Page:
Blue print

Technically, Galicia is a more efficient ship

Smoother, quieter, less vibration and fewer emissions. Sailing to Spain on Galicia will be a pleasurable experience for all and it’s what goes on beneath decks that will make it all happen.

Arnaud Le Poulichet is Technical Director for Brittany Ferries. He has followed the development of this E-Flexer class vessel since Galicia’s first steel was cut, back in 2018. “This ship has really exceeded our expectations in so many technical areas,” he said. “The captain, crew and – of course – passengers and freight drivers will be delighted by this leap forward in efficiency and comfort.”


In ship design, safety comes first. But a modern vessel should also be more efficient and more sustainable than those it replaces. It’s one of the reasons why our fleet renewal programme is so important at Brittany Ferries, especially as we plot our recovery path from the Covid-19 crisis. 

Passengers rightly expect lower emissions, society demands sustainability and companies that fail to improve are destined to fail. Galicia and two future sister ships, Salamanca and Santoña, arriving in 2022 and 2023 respectively, are leading the company’s charge. 

Aerial view of Brittany Ferries ship Galicia during sea trials

Galicia performing a manoeuvre during her sea trials


Particular attention has been given to Galicia’s fuel-efficient propulsion plant and its long, slender hull and bow. These fine lines make for excellent seakeeping in all weathers. And the friction-reducing silicon paint that coats the hull makes for smoother sailing, reducing fuel consumption.  Manoeuvrability is first class, partly thanks to her ability to feather propeller blades at low speeds working in combination with agile, efficient rudders. 

Like a modern airliner, Galicia has no need for four engines. Two MaK 12 M 43C units each generate up to 12,600 kW of power, while variable speed shaft generators supply the means to recover energy even at low speeds. Arnaud Le Poulichet summarises the benefits in a sentence: “By using a variable speed shaft generator we save fuel and we cut CO2.”  

The ship has no need for stern thrusters. Bow thrusters work in harmony with flap rudders, of high lift type with twisted leading edges, making light work of the tightest turns in port.  And, when it comes to vibration, passengers will notice just how little there is. Her fin stabilisers meanwhile have proved effective during initial voyages through the Bay of Biscay, minimising roll, and promising to smooth even the choppiest of seas when in service.

Lower part of main engine on Brittany Ferries ship Galicia

The lower section of Galicia's main engine


Galicia targets an improvement in air quality emissions like soot, and climate change emissions like carbon dioxide.

Her funnel is fitted with the latest closed-loop, exhaust-emission-scrubbers. These are like giant catalytic convertors, stripping particulate matter and harmful sulphur oxides (SOx) from airborne emissions. All residue collected is dried, stored on board and taken ashore for processing. 

CO2 output per passenger is also much better. Aside from her suite of technical innovations, Galicia and sister-ship Salamanca will replace Baie de Seine and Cap Finistère, less efficient vessels with much smaller passenger and freight capacities. That means a significant reduction in carbon footprint on our long-haul services between the UK and Spain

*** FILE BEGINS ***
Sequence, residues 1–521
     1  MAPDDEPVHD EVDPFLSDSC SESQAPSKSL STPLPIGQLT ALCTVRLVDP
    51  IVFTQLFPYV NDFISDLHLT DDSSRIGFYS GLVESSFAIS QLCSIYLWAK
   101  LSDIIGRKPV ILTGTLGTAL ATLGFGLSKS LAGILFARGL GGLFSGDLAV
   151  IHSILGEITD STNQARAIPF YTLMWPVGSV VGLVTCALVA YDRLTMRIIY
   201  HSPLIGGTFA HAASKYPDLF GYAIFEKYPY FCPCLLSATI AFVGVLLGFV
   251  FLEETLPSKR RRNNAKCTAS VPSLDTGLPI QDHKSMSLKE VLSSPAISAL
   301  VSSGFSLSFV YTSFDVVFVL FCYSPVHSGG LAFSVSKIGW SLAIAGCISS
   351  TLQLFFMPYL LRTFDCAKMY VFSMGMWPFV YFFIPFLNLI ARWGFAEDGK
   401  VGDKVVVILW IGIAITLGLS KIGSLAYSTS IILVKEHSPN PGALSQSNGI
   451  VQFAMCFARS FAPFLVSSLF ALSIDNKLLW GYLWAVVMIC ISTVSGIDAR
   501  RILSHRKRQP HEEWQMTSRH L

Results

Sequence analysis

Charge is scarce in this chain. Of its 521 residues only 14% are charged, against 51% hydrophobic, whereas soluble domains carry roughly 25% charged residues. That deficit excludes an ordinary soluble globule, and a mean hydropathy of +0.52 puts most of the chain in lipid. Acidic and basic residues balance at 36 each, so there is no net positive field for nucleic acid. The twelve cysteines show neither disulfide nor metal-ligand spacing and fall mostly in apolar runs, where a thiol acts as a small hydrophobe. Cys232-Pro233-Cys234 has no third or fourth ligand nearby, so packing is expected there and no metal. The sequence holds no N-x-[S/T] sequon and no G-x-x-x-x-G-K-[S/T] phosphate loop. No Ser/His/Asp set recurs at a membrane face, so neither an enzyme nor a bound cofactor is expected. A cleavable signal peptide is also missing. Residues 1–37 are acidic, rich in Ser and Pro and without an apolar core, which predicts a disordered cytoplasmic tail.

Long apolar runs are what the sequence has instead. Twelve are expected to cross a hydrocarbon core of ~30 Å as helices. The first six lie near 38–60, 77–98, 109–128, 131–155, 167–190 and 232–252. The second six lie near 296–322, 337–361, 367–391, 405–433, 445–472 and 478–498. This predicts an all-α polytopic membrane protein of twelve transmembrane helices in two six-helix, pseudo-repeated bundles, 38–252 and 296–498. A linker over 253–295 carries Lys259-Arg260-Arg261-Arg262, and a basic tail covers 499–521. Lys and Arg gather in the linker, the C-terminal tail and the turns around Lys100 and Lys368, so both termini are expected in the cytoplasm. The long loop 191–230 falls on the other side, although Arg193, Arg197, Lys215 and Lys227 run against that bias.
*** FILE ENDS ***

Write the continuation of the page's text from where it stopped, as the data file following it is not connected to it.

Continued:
Altogether, when all are in service, the new ships will make four round trips from the UK to Spain each week, instead of five. This promises a significant fuel saving, and emissions per passenger, while still presenting a 10% improvement in passenger capacity and 28% more freight space.

Lady on deck on ship


Thanks to excellent insulation and silencing, noise will be kept to a minimum. “When you are on shore, you cannot hear Galicia’s generators as you can with other ships,” Le Poulichet explained. “It’s really surprising and of course a welcome benefit for everyone living near a port. Of course, there are regulations that concern noise, but Galicia far exceeds those – and our initial expectations.” 

And what about within the passenger decks themselves? Here too, there are a host of hidden innovations. When you look up you will notice just one. Every light on board is LED. That’s a first for Brittany Ferries. Just another small win, in Galicia’s illuminating approach to sustainability.  


Brittany Ferries is proud to be one of the first companies accredited by the Green Marine eco-label, which is driving best practice in maritime sustainability. The company was audited in August and awarded its first accreditation certificate at a ceremony in Paris on 8 October 2020.  

It’s a powerful tool that scores sustainability on seven criteria, such as funnel emissions and underwater noise. Independently audited, progress can be tracked year on year pushing the company to achieve higher standards more quickly. Two further e-Flexer ships will join Galicia in the years to come, both powered by cleaner LNG, all helping Brittany Ferries achieve the best possible performance for customers and the environment. 

You can read more about our efforts to reduce our environmental impact here.



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